Arthur Levitt, chairman of the SEC from 1993 to 2001, harshly criticized the SEC for what he considers to be its failures in recent years — failures which he believes contributed to the current financial crisis. In his testimony before the Senate Banking Committee today, Levitt stated that
“As the markets grew larger and more complex — in scope and in products offered — the commission failed to keep pace. As the markets needed more transparency, the SEC allowed opacity to reign. As an overheated market needed a strong referee to rein in dangerously risky behavior, the commission too often remained on the sidelines.”
Levitt recommended that the SEC could be improved by giving it $85 million to rebuild its staffing, by adding investor advocates to the five-member commission, and by enhancing its responsibilities to police financial markets, Reuters reports. He further testified:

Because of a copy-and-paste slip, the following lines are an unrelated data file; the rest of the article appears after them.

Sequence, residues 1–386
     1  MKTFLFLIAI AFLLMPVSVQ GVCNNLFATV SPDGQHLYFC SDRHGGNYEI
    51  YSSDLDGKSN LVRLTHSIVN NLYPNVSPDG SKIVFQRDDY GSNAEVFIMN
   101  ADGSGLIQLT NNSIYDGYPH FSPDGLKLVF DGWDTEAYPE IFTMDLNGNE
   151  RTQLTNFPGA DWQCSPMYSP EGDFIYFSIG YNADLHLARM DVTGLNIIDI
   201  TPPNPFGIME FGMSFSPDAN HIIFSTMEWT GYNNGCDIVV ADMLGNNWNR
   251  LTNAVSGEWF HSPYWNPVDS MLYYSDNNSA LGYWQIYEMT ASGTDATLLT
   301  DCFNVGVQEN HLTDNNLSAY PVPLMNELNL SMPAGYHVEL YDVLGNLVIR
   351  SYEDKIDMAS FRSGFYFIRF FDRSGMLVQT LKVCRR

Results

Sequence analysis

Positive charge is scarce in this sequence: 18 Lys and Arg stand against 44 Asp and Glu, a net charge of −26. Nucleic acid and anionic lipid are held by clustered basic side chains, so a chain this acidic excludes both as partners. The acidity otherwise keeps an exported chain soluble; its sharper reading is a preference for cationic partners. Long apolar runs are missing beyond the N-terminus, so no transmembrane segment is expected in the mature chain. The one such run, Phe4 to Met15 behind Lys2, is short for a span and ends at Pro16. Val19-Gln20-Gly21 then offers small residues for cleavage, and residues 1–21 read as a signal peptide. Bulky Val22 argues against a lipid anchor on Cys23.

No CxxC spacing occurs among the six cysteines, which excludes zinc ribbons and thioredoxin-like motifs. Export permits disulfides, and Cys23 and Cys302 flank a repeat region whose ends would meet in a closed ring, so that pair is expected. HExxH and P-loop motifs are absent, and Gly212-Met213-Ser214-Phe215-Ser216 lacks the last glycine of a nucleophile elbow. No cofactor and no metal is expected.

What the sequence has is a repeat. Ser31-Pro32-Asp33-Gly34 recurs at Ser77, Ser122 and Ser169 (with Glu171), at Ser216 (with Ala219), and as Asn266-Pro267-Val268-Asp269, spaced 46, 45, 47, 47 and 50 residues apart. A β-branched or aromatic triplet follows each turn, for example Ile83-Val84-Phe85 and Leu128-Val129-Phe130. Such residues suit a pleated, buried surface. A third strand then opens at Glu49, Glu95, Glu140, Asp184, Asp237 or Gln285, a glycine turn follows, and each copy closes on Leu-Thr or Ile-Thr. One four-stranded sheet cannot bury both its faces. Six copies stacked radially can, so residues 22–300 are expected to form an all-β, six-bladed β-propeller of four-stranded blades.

“But let me be clear: a restoration of the SEC to its position from before this current slide is not enough. At this moment, we need a dramatic rethinking of our financial regulatory architecture — the biggest since the New Deal.”
Levitt’s prepared testimony can be viewed on the video below beginning at the 50:00 mark and running through 57:50.